Compound Annual Growth Rate (CAGR) Definition

What Is Compound Annual Growth Rate (CAGR)?

The Compound Annual Grown Rate (CAGR) represents an investment's average annual growth rate over a specific duration while assuming compound growth over the period. It is used to compare past performances of similar investments and project expected future returns.

REtipster does not provide tax, investment, or financial advice. Always seek the help of a licensed financial professional before taking action.

Compound Annual Growth Rate in Closer Detail

The compound annual growth rate measures how much an investment or company has grown each year over a given period. CAGR accounts for the effect of compounding, which means that profits gained at the end of each year are assumed to be reinvested and no deductions have been made.


By calculating how the value of an investment has changed over a specific period, investors can determine its overall performance and decide whether it is worth buying into.
Some years may have experienced more growth than others, but the CAGR “smooths” out the overall rate when looking at the given investment timeframe. This is one reason the CAGR is also known as the “smoothed” rate of return.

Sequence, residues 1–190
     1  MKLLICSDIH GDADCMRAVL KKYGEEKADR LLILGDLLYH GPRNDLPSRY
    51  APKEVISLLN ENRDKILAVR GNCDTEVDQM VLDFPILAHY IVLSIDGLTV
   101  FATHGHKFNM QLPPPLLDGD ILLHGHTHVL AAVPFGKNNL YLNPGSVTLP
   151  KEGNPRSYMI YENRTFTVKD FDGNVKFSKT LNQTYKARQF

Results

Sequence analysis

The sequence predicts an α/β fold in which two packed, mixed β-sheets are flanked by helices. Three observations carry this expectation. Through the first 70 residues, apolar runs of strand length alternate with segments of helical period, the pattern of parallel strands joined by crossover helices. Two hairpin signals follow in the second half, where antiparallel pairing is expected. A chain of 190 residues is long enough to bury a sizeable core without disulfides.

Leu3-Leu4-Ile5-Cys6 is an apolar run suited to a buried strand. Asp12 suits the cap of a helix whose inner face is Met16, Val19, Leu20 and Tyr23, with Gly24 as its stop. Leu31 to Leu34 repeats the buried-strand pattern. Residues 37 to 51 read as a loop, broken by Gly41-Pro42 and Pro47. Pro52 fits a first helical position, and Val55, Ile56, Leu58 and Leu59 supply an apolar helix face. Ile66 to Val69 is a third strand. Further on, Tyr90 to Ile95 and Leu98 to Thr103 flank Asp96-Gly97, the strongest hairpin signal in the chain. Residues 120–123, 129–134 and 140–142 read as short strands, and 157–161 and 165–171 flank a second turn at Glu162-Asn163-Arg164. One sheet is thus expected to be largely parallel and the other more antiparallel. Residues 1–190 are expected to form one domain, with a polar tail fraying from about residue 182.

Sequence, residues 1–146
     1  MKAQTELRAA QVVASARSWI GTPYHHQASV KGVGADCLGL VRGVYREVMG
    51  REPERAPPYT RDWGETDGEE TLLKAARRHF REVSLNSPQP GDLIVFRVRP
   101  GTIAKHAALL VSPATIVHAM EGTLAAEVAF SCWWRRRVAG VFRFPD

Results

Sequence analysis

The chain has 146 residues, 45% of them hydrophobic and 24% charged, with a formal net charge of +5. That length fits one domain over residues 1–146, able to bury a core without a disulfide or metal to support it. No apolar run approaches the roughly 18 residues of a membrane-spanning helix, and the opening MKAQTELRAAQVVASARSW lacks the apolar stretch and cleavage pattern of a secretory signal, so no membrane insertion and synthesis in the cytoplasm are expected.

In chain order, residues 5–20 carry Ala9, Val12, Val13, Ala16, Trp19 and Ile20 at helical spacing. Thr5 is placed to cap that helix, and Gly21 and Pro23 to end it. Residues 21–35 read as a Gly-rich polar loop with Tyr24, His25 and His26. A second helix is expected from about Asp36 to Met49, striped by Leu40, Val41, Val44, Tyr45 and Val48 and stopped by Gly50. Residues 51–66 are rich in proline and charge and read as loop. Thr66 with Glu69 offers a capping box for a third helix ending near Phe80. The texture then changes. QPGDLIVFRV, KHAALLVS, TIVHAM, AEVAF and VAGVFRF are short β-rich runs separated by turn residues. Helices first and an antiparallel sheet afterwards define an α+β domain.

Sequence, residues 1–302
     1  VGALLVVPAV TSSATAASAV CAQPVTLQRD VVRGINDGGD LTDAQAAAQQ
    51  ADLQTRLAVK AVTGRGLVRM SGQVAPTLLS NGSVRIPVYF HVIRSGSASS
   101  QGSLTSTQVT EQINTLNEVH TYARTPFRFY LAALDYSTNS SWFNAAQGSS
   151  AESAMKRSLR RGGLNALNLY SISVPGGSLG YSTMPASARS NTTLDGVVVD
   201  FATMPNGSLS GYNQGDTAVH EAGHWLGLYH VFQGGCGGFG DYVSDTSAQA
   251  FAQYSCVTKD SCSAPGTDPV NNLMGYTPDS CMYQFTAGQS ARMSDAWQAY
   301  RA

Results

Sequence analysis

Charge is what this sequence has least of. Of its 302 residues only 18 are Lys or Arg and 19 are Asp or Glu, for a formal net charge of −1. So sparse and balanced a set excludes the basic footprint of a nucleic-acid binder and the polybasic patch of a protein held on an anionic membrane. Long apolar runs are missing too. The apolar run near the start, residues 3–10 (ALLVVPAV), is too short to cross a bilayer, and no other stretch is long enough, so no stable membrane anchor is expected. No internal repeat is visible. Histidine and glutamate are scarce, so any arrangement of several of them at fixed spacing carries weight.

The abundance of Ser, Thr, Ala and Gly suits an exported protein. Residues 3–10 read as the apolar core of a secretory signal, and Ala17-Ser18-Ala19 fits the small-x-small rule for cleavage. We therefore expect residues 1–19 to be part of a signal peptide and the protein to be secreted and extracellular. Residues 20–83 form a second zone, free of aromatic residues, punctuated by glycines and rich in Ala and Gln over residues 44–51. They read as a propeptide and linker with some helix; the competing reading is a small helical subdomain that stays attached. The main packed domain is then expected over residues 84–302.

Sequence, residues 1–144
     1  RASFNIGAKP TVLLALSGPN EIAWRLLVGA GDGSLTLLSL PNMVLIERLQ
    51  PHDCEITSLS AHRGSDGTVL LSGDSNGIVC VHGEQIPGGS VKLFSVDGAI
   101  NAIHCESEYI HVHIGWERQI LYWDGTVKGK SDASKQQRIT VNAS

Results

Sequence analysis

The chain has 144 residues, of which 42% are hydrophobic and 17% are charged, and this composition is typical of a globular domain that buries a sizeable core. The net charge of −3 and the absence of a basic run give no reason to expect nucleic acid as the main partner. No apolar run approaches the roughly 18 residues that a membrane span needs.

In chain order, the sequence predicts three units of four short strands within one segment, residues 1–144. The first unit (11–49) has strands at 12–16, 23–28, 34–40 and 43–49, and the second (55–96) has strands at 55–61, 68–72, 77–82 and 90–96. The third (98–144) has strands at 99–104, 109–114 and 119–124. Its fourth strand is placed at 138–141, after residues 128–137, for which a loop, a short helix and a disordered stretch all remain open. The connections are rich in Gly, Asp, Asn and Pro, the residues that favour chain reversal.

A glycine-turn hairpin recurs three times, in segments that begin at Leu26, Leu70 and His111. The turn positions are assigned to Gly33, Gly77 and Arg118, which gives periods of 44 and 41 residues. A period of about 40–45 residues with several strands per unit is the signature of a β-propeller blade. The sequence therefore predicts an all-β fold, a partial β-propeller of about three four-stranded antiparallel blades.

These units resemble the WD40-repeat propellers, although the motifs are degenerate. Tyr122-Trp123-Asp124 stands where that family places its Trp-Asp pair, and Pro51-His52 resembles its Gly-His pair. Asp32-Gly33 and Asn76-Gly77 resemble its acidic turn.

Note that the CAGR does not give actual return rates. Rather, it provides a representational figure that describes how much the investment value would have changed if it had maintained the same growth rate every year[1].

How Does the CAGR Work?

Financial markets are inherently volatile, making it difficult for investors to know which investments to secure. While there is no foolproof way to predict how any given market will play out, some indicators can provide invaluable insight into opportunities that might be worth exploring.

The CAGR is one such metric. It is a decision-making tool that investors can use to find worthwhile investments based on their performance over several years.

How to Calculate CAGR